Coronal mass ejections can disrupt satellite communications and cause power outages. We thought it would be helpful and fun to solve this problem by predicting when they would occur. Solar flares are good predictors of these events, so we implemented an algorithm to classify the intensity of solar flares. Predicting these events saves money and preparation time.

What it does

Our algorithm reads in solar flare data and classifies them based on intensity. There are three classes total, and the highest class (M-class) has the highest chance of causing or predicting coronal mass ejections.

How we built it

We read multiple research papers about quantum classifiers. After reading a few papers, we implemented an algorithm on a real quantum computer in the cloud. We then used our implementation to predict solar flares.

Challenges we ran into

Due to the small size of the data set, the capabilities of quantum were unable to be fully explored as quantum computing thrives on very large data sets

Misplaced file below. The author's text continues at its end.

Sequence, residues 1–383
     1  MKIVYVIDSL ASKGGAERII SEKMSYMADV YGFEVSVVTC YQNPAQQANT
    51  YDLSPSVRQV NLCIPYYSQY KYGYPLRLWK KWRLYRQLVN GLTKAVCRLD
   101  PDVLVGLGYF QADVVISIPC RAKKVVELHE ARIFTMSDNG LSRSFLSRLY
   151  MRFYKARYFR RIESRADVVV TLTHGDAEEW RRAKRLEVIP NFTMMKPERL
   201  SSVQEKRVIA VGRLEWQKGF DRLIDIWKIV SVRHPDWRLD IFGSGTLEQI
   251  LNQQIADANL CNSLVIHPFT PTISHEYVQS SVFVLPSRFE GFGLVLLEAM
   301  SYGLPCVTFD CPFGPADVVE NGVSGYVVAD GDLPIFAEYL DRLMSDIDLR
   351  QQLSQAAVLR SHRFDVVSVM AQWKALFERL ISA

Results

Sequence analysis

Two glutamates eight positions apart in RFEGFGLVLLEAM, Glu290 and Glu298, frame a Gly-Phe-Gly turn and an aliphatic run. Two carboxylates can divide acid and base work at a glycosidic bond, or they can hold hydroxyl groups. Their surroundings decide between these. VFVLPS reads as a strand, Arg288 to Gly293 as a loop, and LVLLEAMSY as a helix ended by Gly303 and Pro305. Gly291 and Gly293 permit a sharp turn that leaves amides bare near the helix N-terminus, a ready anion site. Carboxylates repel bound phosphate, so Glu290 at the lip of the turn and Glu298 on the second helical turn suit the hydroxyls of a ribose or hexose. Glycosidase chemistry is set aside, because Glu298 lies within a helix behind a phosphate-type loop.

Accomplishments that we're proud of

Our contribution to solar flare predictions is something that is novel and worthy of being proud of. We appreciate the amount of knowledge we gained from this experience and are excited to apply this to future challenges.

What we learned

We spent a lot of time researching quantum computing. We learned about qubits, quantum annealing, quantum tunneling, and various methods to implement these.

What's next for Using Quantum Computing to Classify and Detect Solar Flares

Applying the same principles, we can create and run an algorithm on a much larger data set, allowing us to truly exploit the benefits of Quantum computing.

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